Opinion by NBCLX Senior Editor Eric Hinton
It was a sadly powerful moment in American history. A Minnesota panel of six white and six Black or multi-racial jurors told us Tuesday that the life of a Black man, George Floyd, mattered. And more importantly, they told us his manner of death mattered, even coming under the knee of a white police officer.
Derek Chauvin was found guilty on all charges: second-degree unintentional murder, third-degree murder and second-degree manslaughter. Chauvin, 45, could spend the next several decades in jail.
Over the three weeks of the trial, as a Black man and a Black father I did not believe Chauvin would be found guilty of murder. Maybe it was a defensive mechanism or a sense of history on how these things generally unfold. But I told every friend and family member who would listen I believed Chauvin would get a pass on both murder charges and be found guilty only of manslaughter.
As I watched the verdict come in Tuesday I resisted the temptation to rewind the picture to make sure I was actually hearing correctly. Guilty? On all counts? Could that be right?
It was. But still there are no victory laps here. George Floyd remains dead and this verdict won't bring him back to his daughter, his brothers, or his loved ones. But I pray it gives his family some sense of peace. And I hope for just one evening, Black men will feel their lives matter, and there will be accountability for our unjust, unprovoked deaths.
My perspective on policing has always been a unique one. My father was a police officer — a beat cop working in Brooklyn, N.Y., during the height of the crack pandemic in the late 80s. So I didn't grow up with the animosity toward the police that many of my friends did. When I rode in the back of a police car it was because my father was giving me a ride home.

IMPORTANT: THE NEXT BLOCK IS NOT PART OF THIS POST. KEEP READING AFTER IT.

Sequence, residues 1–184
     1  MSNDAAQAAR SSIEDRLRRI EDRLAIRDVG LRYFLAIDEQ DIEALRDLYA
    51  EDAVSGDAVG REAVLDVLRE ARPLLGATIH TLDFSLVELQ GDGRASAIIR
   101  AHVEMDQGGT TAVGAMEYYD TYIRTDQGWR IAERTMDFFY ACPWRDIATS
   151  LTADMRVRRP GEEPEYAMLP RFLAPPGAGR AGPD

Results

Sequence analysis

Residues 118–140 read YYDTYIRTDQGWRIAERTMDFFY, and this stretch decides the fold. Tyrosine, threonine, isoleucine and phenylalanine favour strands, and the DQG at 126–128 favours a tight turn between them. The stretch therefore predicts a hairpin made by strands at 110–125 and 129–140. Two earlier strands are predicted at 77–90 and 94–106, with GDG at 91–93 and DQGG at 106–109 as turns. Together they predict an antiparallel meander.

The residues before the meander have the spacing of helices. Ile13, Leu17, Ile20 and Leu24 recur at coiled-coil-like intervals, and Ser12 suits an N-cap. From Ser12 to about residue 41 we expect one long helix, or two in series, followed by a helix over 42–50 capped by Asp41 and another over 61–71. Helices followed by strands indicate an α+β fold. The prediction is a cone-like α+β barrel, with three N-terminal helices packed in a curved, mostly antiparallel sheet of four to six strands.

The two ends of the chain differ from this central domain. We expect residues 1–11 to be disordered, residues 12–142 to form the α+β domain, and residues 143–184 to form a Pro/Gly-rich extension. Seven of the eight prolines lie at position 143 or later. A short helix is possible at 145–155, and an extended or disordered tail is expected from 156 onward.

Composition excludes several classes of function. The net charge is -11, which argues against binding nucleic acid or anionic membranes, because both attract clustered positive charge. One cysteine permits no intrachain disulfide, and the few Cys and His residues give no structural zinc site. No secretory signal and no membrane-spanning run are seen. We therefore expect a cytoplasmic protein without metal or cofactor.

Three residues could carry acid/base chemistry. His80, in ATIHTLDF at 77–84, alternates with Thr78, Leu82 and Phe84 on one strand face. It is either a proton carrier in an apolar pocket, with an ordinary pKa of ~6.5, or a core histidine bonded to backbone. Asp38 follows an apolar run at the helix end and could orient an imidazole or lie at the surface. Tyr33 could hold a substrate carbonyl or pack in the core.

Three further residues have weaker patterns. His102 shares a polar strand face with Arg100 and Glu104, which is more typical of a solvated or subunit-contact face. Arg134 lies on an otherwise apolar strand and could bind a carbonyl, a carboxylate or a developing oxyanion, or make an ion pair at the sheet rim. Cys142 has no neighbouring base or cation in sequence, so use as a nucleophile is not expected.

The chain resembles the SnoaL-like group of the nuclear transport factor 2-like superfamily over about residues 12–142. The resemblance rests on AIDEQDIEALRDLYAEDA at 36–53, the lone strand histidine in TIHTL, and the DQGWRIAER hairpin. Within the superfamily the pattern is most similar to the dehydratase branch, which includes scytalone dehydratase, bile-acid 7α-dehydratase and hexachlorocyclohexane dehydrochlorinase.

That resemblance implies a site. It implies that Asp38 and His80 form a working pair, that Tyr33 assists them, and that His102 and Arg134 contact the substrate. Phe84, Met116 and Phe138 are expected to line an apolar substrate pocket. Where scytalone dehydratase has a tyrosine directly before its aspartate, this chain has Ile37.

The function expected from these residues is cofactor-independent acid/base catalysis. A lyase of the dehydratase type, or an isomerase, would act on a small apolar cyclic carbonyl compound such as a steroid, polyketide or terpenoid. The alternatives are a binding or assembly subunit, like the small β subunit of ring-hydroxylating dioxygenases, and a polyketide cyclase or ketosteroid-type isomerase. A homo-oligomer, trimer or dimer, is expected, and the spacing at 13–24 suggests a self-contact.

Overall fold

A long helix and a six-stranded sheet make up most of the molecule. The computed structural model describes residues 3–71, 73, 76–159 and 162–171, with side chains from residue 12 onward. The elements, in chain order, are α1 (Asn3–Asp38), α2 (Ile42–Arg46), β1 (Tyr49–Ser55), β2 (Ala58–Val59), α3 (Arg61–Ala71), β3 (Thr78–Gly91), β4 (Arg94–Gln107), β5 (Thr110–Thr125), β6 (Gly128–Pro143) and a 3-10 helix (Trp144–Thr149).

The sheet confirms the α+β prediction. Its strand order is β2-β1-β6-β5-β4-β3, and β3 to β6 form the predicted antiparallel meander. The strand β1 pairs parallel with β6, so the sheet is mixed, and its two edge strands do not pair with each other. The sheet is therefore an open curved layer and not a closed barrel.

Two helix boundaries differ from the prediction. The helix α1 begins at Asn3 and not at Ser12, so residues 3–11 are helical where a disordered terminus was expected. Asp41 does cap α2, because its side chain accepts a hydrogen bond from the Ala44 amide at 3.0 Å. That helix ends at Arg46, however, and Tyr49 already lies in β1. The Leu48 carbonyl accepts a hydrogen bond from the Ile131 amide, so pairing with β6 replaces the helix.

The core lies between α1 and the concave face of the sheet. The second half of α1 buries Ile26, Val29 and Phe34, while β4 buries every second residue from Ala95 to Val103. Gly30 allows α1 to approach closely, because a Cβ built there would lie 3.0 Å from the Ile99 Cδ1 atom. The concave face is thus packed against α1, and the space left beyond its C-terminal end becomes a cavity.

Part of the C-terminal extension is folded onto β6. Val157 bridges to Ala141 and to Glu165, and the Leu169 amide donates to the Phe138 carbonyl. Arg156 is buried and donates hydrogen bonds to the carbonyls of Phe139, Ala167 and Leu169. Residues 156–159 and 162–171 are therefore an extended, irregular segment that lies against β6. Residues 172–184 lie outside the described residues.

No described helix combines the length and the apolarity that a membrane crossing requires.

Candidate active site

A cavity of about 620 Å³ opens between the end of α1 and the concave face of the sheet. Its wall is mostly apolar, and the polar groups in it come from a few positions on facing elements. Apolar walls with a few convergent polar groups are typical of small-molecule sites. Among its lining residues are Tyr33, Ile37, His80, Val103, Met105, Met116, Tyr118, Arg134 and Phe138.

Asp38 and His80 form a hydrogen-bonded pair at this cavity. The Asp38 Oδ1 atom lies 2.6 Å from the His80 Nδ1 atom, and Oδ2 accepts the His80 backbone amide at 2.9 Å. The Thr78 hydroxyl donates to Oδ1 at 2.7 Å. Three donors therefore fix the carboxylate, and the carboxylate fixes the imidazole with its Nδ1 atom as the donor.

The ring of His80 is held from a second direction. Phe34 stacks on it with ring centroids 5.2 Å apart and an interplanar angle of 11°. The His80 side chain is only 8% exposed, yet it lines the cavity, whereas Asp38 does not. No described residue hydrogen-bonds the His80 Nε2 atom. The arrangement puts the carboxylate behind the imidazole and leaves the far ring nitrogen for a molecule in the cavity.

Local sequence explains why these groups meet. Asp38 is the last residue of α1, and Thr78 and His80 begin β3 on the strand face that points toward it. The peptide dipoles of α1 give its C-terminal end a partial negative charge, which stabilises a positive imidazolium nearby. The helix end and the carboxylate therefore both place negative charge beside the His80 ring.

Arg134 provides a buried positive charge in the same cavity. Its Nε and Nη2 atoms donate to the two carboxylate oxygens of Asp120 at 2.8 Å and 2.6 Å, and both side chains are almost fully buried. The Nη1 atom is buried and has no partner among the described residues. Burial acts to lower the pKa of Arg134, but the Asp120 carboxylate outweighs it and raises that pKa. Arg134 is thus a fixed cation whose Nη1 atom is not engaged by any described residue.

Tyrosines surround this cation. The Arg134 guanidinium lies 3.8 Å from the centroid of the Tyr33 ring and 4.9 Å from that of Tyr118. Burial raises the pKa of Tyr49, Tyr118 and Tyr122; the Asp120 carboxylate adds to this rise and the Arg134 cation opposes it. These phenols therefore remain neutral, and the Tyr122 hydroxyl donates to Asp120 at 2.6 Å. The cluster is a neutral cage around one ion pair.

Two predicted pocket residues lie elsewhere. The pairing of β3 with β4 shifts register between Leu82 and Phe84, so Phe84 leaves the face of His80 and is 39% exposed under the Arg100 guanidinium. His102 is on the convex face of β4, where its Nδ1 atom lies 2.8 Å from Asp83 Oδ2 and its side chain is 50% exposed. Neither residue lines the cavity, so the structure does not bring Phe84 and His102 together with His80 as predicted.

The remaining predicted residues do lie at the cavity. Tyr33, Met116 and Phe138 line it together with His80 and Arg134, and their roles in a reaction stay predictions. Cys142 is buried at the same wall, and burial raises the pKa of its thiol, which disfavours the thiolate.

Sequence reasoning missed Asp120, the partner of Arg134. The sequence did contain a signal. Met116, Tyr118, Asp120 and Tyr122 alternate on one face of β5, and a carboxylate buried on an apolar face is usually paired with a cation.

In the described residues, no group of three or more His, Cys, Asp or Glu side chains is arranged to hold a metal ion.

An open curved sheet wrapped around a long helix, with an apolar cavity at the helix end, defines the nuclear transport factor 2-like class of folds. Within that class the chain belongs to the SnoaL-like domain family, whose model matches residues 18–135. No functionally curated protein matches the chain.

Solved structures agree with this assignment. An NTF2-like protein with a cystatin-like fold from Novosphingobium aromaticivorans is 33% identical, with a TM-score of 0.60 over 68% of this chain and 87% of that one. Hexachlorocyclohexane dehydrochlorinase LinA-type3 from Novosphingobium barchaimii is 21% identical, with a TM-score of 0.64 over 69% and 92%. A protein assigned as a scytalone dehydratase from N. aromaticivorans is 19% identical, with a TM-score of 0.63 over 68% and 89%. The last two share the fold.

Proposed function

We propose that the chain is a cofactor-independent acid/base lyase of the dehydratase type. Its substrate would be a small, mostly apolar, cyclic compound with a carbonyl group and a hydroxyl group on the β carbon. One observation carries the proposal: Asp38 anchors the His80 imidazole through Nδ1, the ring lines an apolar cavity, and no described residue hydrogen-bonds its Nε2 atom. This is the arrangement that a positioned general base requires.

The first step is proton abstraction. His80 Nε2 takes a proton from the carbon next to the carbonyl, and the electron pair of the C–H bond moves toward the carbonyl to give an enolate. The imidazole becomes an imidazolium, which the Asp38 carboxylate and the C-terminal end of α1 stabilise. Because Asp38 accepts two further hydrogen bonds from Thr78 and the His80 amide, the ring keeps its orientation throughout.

But that lack of animosity turned to fear as I grew older and fathered children. My son Christopher grew to a height of over 6 feet tall at the age of 14. Despite his still childlike demeanor, anyone walking up at him from a distance would easily mistake him for a grown man. When he left my field of vision it was never random street violence that I worried about, but a random encounter with the police. We had "The Talk" early and often, to the point where his eyes now roll back in his head when I bring up the topic. But I do bring it up, time and again, because I remain afraid for his life. I fear for his life every day.
In the aftermath of Floyd’s death, demonstrations and scattered violence broke out in Minneapolis, around the country and beyond. Tonight those demonstrations will be replaced by relieved, celebratory crowds. But lest we forget, Floyd was but one of countless Black Americans who have lost their lives at the hands of police. The families of Breonna Taylor, Eric Garner, Tamir Rice, Michael Brown, Walter Scott, Daunte Wright and too many others may never know the closure that George Floyd's loved ones received today.
Rest in Peace George Floyd.